Friday, January 10, 2014

WWF's Top Global Success Stories of 2013

WWF works to achieve positive change for species, communities and diverse habitats. In 2013 they had many international successes. Their diverse success stories run the gamut from salmon farming to gillnets. They have been very active in advancing environmental issues in developing countries and they continue their work in support of a wide range of species including elephants, saola—one, snow leopards, Nepalese tigers and previously unknown species of flora and fauna. Here is their summary of international achievements in 2013.

WWF became a full partner of the Global Environment Facility, an organization created in 1992 to support bold actions in developing countries tied to large landscapes and large environmental challenges. With funding from GEF, WWF and other stakeholders have helped put tuna on the road to sustainable management in all five of the world’s oceans.

Fifteen companies, incl representing 70% of global farmed salmon production, are committing that 100% of their production will be certified by the Aquaculture Stewardship Council by 2020. This should measurably reduce the impact of salmon production on some of the world's most ecologically important regions, and can have ripple effects through the entire global food industry.

Thai Prime Minister Yingluck Shinawatra pledged to start a legislative process to end ivory trade in Thailand, which will help stem global wildlife trafficking. Nearly 1.5 million WWF, Leonardo DiCaprio and Avaaz supporters signed a petition calling on Thailand to ban its ivory trade. Ending the Thai ivory trade—currently the world’s largest unregulated ivory market—will aid in curbing the poaching crisis that is leading to the slaughter of tens of thousands of elephants each year.

WWF organized a global petition to urge the Mexican government to ban gillnets from the vaquita’s marine habitat, and more than 38,000 people from 127 countries and territories participated in the effort. The Mexican government will begin phasing out drift gillnets used for shrimp fishing in the upper Gulf of California in favor of more selective and vaquita-friendly fishing gear. This gear—developed and tested by WWF—reduces bycatch of the critically endangered vaquita porpoise while still allowing fishers to continue earning their livelihoods.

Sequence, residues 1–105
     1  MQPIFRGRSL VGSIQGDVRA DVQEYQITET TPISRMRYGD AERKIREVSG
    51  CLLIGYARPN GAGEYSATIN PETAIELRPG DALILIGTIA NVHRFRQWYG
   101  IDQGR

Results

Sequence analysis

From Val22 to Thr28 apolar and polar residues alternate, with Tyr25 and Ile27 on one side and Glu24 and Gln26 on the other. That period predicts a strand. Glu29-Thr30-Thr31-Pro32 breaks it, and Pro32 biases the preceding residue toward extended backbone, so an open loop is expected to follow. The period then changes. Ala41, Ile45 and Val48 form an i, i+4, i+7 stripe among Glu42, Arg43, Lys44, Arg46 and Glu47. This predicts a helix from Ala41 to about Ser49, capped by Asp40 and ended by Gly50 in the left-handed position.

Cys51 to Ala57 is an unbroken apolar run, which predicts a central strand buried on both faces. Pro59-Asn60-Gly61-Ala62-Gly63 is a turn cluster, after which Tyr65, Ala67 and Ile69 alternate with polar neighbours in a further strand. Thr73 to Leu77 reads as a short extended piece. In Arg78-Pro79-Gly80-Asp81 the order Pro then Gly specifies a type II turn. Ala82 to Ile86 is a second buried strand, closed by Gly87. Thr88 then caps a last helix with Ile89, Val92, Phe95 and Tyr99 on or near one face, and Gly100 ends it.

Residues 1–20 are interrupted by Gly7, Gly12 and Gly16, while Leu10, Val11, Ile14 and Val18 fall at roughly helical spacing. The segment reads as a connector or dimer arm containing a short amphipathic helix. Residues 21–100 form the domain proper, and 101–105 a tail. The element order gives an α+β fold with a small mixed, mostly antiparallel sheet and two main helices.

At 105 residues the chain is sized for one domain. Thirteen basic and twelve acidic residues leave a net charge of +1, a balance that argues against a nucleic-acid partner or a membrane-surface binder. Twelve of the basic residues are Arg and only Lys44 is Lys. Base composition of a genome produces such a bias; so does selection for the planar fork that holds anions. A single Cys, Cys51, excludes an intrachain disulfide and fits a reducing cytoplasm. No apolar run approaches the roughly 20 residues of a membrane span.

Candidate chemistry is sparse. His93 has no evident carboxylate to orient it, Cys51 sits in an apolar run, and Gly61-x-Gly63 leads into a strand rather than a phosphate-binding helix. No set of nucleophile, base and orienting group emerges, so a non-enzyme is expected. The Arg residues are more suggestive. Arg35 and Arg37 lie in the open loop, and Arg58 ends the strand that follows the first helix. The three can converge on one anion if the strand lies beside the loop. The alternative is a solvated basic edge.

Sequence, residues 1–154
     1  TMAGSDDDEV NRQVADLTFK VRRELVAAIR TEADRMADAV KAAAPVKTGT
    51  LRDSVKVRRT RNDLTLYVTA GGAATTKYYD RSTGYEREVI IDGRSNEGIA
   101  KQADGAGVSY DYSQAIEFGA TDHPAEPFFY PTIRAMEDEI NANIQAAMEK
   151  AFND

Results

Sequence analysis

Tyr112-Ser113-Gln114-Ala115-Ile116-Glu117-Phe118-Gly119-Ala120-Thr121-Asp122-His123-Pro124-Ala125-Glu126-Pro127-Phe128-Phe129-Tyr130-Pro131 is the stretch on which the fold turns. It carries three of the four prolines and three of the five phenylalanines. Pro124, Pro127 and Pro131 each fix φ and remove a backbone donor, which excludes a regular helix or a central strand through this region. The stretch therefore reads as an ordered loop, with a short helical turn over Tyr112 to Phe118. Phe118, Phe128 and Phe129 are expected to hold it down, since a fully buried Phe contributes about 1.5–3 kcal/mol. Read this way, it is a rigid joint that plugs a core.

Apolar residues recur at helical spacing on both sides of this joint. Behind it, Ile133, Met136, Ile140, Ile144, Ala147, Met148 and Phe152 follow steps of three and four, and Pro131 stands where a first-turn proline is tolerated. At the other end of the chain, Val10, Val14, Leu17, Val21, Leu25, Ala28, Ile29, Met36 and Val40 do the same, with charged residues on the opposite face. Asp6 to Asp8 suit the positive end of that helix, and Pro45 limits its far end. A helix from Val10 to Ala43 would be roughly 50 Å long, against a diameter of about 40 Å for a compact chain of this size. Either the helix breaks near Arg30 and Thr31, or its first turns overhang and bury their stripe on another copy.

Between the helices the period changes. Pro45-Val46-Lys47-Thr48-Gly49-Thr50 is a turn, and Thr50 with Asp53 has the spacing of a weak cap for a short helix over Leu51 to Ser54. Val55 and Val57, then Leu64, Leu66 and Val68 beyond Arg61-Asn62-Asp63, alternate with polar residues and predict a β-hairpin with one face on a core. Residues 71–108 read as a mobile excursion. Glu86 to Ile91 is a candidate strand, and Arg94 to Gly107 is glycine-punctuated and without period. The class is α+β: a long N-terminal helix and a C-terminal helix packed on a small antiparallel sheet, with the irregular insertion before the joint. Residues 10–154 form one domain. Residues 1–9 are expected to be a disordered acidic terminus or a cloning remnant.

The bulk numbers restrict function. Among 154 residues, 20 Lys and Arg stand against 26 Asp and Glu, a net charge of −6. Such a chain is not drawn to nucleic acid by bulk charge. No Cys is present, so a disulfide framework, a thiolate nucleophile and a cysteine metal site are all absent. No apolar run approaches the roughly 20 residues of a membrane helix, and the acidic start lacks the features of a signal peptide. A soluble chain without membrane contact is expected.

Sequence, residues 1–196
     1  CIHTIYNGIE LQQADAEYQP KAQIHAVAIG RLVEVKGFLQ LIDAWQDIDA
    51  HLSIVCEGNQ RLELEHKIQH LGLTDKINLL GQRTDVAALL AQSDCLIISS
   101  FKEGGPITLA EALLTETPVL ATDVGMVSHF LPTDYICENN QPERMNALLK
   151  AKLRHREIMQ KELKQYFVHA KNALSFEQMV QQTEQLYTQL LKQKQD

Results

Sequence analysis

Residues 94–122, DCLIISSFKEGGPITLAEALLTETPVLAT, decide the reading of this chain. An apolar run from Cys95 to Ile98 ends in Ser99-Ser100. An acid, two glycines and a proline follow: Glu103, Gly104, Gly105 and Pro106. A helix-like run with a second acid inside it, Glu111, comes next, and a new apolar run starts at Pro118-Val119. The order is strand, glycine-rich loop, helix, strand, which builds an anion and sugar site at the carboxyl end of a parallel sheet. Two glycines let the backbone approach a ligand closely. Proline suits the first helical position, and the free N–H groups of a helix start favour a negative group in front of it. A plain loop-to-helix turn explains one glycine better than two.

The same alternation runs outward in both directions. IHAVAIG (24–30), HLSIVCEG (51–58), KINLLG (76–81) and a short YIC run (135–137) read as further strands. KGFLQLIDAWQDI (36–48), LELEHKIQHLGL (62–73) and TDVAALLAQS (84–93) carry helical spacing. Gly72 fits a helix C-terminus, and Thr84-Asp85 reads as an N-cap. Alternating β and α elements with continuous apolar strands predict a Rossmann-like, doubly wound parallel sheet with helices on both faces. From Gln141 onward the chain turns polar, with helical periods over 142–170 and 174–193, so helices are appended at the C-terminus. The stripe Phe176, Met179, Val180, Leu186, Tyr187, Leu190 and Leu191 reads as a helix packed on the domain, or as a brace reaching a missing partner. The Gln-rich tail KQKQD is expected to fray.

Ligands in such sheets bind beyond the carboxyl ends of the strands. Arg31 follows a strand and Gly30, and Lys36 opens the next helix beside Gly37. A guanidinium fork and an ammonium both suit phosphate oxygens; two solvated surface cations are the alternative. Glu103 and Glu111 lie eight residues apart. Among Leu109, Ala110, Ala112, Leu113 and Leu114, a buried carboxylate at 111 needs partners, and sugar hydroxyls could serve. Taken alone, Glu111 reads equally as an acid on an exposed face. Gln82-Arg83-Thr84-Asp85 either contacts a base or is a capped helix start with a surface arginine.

A camera trap set up by WWF and the Vietnamese government’s Forest Protection Department captured images of the saola—one of the rarest and most threatened mammals on the planet—for the first time in the 21st century. Saola have been documented in the wild by scientists on only four previous occasions since their discovery in 1992 by a joint team from Vietnam’s Ministry of Forestry (now called Ministry of Agriculture and Rural Development) and WWF surveying the forests near Vietnam's border with Laos.

An ambitious new plan to protect and conserve snow leopards was endorsed by government representatives from the 12 Asian countries where the species roam. The goal is to ensure 20 healthy landscapes of snow leopards by 2020. Representatives also agreed to promote climate smart development that ensures water, food and energy security for the people living in and downstream from the high mountains of Asia.

From 2010 to 2013, 441 new species were scientifically identified in the Amazon, including a titi monkey that purrs like a cat and a new passion flower that sprouts spaghetti-like filaments from the center of the bloom. Various scientists described the new species and WWF compiled the list of 258 plants, 84 fish, 58 amphibians, 22 reptiles, 18 birds and one mammal.

Nepal’s government announced the country’s tiger population has increased by 63% since the last survey in 2009, putting the number of tigers at an estimated 198 with a range between 163-235. In Nepal, this massive wildlife survey—funded by WWF UK, WWF Australia, WWF US, the Leonardo DiCaprio Foundation, the Hariyo Ban Program (funded by USAID), and US Fish and Wildlife Service—included more than 260 trained staff, camera traps covering 1,870 square miles of tiger habitat and 7,699 tiger images. In November, 2013 the Leonardo DiCaprio Foundation announced a $3 million dollar grant for further tiger conservation in Nepal.

Source: WWF

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